1.Hard Disk usage problems
2.CPU/ Memory related issues
3.Server temperature and power hiccups
4.Vulnerability assessment and patching
5.Network Interface bottlenecks
6.Virtualization management troubles
7.Data intensive applications or services
8. Sudden increase in logs like transaction logs
9. Unsolicited operations
10. Disk running out of space than intended
11. Increasing bad sectors and data loss
12. Increasing bad sectors and data loss
13. Security Threats
14. Service Availability and SLA Management
- Develop a standardized troubleshooting routine
To identify and correct server problems most efficiently, you should have a standardized troubleshooting procedure that you follow each time something goes wrong. Troubleshooting server problems is generally more complicated than troubleshooting problems with client machines, because the operating system itself is more complex and because of all the services that run on a server machine.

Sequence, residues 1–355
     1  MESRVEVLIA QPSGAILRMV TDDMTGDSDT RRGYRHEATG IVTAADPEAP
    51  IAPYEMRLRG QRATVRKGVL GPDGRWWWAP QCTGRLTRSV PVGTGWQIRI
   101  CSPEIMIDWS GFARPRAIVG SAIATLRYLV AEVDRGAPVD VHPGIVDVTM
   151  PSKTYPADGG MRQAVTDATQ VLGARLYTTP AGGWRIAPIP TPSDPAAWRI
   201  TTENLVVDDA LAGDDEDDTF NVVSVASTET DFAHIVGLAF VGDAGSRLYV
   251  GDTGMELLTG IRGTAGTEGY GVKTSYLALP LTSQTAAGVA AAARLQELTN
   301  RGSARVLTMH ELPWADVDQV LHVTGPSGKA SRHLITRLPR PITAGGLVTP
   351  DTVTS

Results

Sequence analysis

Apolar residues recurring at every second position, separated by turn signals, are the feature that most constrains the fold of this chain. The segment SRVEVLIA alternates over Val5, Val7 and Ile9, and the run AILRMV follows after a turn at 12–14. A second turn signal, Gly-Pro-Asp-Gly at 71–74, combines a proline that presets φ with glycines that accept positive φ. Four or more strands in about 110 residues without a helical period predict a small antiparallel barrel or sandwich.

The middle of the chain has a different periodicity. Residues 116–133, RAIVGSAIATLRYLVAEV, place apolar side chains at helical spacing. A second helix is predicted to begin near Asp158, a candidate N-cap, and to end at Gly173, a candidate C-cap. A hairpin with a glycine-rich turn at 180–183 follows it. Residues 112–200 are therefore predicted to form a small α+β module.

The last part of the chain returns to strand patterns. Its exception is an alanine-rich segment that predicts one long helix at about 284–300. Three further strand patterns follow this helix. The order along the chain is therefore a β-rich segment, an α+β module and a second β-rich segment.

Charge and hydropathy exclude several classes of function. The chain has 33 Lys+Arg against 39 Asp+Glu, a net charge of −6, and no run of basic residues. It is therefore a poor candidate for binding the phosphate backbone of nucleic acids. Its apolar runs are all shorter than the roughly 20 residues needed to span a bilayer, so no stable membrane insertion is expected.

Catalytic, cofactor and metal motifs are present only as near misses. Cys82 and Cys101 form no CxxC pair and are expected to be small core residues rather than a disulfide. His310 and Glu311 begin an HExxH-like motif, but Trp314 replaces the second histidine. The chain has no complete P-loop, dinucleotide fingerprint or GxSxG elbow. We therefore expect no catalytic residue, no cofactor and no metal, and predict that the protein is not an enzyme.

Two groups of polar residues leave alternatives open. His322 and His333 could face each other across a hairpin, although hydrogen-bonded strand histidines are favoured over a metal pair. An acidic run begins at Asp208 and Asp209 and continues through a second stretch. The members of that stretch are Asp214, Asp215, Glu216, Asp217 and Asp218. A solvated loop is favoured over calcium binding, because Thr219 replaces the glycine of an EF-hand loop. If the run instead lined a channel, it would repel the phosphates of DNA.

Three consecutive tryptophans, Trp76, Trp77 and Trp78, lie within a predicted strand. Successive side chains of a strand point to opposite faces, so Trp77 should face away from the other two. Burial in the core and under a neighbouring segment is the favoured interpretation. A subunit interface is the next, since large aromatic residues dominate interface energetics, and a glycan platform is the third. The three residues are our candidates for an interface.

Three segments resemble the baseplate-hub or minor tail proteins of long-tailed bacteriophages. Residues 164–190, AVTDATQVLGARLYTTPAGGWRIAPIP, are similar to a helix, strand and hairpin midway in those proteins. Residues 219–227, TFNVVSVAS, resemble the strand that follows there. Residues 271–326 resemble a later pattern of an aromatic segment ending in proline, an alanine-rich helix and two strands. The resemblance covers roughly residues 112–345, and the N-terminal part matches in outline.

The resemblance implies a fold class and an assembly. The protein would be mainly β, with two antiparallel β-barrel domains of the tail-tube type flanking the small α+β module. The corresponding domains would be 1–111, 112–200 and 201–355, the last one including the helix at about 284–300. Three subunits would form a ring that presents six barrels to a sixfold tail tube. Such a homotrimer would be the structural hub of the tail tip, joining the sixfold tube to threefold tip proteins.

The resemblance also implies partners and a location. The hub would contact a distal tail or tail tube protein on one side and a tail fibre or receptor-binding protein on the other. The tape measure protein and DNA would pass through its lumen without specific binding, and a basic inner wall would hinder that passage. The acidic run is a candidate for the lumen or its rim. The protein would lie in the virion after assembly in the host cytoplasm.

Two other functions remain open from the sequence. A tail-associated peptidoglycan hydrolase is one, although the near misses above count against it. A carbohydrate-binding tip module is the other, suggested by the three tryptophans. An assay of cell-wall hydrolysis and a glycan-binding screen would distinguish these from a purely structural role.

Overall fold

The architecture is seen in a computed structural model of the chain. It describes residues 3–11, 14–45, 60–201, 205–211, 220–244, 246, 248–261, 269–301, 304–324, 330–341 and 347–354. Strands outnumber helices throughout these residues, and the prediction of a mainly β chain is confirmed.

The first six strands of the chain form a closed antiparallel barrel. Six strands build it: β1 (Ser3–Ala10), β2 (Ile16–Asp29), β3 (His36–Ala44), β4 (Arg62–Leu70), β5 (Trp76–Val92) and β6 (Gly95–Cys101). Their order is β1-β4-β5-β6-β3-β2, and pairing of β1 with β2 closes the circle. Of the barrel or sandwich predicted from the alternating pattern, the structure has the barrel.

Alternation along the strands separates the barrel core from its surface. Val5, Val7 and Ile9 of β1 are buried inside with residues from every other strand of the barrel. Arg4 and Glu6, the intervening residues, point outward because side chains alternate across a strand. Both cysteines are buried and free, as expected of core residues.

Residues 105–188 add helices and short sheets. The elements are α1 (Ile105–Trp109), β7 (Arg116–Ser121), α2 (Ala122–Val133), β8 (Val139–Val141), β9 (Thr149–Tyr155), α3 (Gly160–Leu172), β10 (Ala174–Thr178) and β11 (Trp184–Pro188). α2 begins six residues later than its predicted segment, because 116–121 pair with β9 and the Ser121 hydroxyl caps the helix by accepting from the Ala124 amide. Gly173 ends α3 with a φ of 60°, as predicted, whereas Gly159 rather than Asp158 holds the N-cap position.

- Use checklists and formsto guide the troubleshooting process. This will prevent you from leaving out essential steps or overlooking the obvious.
- If you’re running a Microsoft server operating system, check the hardware compatibility list on theMicrosoft Web site.
- Traffic control: Troubleshooting addressing and routing problems
Once you’ve eliminated hardware as a suspect, you should check the operating system configuration. The typical business network runs on TCP/IP, and incorrect TCP/IP settings can result in addressing and routing problems